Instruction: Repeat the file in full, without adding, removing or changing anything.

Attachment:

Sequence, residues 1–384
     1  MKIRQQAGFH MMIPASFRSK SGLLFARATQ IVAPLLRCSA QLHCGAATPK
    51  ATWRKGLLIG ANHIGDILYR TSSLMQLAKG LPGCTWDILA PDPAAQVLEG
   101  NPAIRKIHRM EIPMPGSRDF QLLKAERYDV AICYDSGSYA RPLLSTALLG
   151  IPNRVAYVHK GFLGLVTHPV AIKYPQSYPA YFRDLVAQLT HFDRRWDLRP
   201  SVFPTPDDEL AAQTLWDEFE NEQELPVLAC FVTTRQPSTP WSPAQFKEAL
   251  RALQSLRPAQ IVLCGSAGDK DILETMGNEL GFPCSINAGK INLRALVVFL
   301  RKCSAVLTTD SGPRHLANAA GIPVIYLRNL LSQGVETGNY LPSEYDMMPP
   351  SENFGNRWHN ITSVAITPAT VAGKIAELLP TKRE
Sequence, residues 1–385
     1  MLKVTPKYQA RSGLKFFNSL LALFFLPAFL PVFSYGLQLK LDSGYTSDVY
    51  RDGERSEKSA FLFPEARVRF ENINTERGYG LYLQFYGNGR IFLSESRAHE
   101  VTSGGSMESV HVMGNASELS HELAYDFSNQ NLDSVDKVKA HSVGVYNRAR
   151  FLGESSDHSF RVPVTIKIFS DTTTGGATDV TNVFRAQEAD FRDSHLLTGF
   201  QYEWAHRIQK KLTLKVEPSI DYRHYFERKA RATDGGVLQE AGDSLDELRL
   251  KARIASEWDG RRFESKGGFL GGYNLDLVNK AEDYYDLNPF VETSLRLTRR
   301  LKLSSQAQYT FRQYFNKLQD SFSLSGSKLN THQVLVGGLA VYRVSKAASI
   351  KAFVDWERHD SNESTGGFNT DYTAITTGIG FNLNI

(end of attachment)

Sequence, residues 1–384
     1  MKIRQQAGFH MMIPASFRSK SGLLFARATQ IVAPLLRCSA QLHCGAATPK
    51  ATWRKGLLIG ANHIGDILYR TSSLMQLAKG LPGCTWDILA PDPAAQVLEG
   101  NPAIRKIHRM EIPMPGSRDF QLLKAERYDV AICYDSGSYA RPLLSTALLG
   151  IPNRVAYVHK GFLGLVTHPV AIKYPQSYPA YFRDLVAQLT HFDRRWDLRP
   201  SVFPTPDDEL AAQTLWDEFE NEQELPVLAC FVTTRQPSTP WSPAQFKEAL
   251  RALQSLRPAQ IVLCGSAGDK DILETMGNEL GFPCSINAGK INLRALVVFL
   301  RKCSAVLTTD SGPRHLANAA GIPVIYLRNL LSQGVETGNY LPSEYDMMPP
   351  SENFGNRWHN ITSVAITPAT VAGKIAELLP TKRE
Sequence, residues 1–385
     1  MLKVTPKYQA RSGLKFFNSL LALFFLPAFL PVFSYGLQLK LDSGYTSDVY
    51  RDGERSEKSA FLFPEARVRF ENINTERGYG LYLQFYGNGR IFLSESRAHE
   101  VTSGGSMESV HVMGNASELS HELAYDFSNQ NLDSVDKVKA HSVGVYNRAR
   151  FLGESSDHSF RVPVTIKIFS DTTTGGATDV TNVFRAQEAD FRDSHLLTGF
   201  QYEWAHRIQK KLTLKVEPSI DYRHYFERKA RATDGGVLQE AGDSLDELRL
   251  KARIASEWDG RRFESKGGFL GGYNLDLVNK AEDYYDLNPF VETSLRLTRR
   301  LKLSSQAQYT FRQYFNKLQD SFSLSGSKLN THQVLVGGLA VYRVSKAASI
   351  KAFVDWERHD SNESTGGFNT DYTAITTGIG FNLNI